Being the new kid on the block is just as difficult for dogs as it is for people.
Schooner lived with us for only ten months before he left to go off to service dog finishing school. He was gone longer than he was here (he was at the service dog organization for 15 months). When he returned last week, we had to do a little bit of juggling and shuffling to help all the dogs adapt to the change.
There are the obvious changes: Schooner is a large dog. All three of our dogs (Tango, Lily, and Nemo) could fit on the couch at the same time — and if I situated myself just so, I could fit, too. With the addition of Schoons, two dogs can now fit on the couch (and I’m iffy). So immediately I saw a need for more beds. More cushy beds. Great Danes are big and heavy and smush cheap beds quickly. They appreciate a thick, deep dog bed, so I bought two. In a house with four dogs (and a cat, who often finds dog beds awfully comfortable), it’s hard to have too many beds.
Food and Water
Great Danes eat a lot of food. Our dogs eat a total of three cups a day between them. Schooner eats three cups three times a day. I had to run out and buy another bag of food after about a week of having Schoons home. And of course, what goes in must come out. The backyard becomes a minefield in one day now that we’ve added a fourth dog. If we’re not picking up after the dogs everyday, it becomes disgusting quickly.
The water bowl is slimed every single time Schooner gets a drink. He’s not a big drooler except when he drinks. Our dogs are water snobs — they won’t drink if there’s even a little bit of spooge in the bowl, so I’ve found myself washing the water bowl every time Schooner drinks. I don’t blame the Labradors for being grossed out, the slime factor is off the charts.
All our dogs have bed privileges. And they have preferred sleeping spots. Nemo and Lily like to sleep on the bed, Tango prefers one of the dog beds on the floor. Schooner was a bed sleeper when he lived here and when he was at the service dog organization. Lily’s our senior (13) and has recently begun to relish sleeping on my pillow right next to me on the bed. Schooner also likes to have his head on the pillow. Lily’s our matriarch, I’ve been protecting her spot on the bed, but discussions occur in the middle of the night apparently because when I wake up in the morning, I’m staring into Schooner’s big face, not Lily’s.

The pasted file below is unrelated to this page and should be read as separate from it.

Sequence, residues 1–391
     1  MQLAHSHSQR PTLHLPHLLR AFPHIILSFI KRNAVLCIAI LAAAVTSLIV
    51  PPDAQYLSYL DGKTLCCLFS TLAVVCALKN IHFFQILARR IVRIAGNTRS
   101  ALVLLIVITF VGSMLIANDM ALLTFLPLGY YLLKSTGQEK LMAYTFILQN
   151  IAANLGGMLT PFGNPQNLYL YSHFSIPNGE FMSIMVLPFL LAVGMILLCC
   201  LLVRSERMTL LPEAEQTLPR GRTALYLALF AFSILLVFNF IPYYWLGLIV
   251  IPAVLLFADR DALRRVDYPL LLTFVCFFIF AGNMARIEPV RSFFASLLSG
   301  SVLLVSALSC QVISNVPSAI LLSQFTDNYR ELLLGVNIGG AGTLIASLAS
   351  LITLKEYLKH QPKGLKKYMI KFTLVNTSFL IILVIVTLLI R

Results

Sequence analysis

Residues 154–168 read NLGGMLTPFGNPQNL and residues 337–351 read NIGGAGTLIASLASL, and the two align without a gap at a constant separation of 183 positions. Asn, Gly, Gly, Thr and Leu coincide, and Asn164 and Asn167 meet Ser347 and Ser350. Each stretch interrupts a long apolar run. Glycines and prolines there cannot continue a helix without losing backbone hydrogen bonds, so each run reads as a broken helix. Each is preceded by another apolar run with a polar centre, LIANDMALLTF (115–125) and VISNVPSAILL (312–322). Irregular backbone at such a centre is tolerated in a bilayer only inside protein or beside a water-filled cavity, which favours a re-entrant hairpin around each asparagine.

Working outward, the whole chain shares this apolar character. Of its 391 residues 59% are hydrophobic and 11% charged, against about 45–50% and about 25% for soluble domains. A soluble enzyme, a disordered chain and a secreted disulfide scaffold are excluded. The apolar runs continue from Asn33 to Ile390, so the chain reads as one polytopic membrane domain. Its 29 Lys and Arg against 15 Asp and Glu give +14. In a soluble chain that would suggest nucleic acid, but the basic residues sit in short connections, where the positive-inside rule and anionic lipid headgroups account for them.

Kongs + Departures
My dogs have no problem at all with my departure from the house. They actually look forward to my leaving because they always get a frozen stuffed Kong. Our dogs all use the large KONG, but Schooner’s way too big for those and I’m afraid he’d choke on a large Kong. I’ve found some larger KONGs that are appropriate for a giant dog and I’ve started stuffing those for Schoon Maroon.
Fun + Games
Schooner is so big that he intimidates some dogs when he plays with them. He’s quite appropriate given his size, but Nemo (our next largest dog at 85 pounds) wanted nothing to do with Schoons. Nemo would get defensive quickly and shut down play almost as soon as it started. When Schooner was at the service dog organization, he played with lots of other dogs of all ages and everyone had a great time. So I was thrilled when I saw Lily reciprocate Schooner’s play bow invitation to play. Normally, it takes my dogs about three weeks to accept a new pup in training and to respond to play solicitations. Since then, both Tango and Nemo have played with Schooner, although all the dogs seem to enjoy outdoor play more than indoor play.
Walks + Exercise
I really enjoyed having three senior dogs — I could walk all three at the same time with ease. One walk and each dog got their exercise. With the addition of a two year old, massive-sized dog, I’m now doing double walks each day. I think we’ve gotten into a good groove: Lily and Schooner walk together (the largest and the smallest, it’s quite a sight) because they seem to really crave the three mile walks the most. Occasionally, I’ll get Nemo and Schooner out together, as they’re both very good walkers together and all three of them need as much exercise as I can offer. Tango, the sole gimpy dog with his elbow troubles, is the only one who likes abbreviated walks and prefers spending his time lying outside in the sunshine (now that spring is finally here in the mid-Atlantic).
The adjustment has been relatively easy so far. I’ve worked hard to ensure that each dog (especially Tango, my favorite boy) gets the same individual attention they’ve always received and it seems as though each dog has settled into our new normal fairly easily.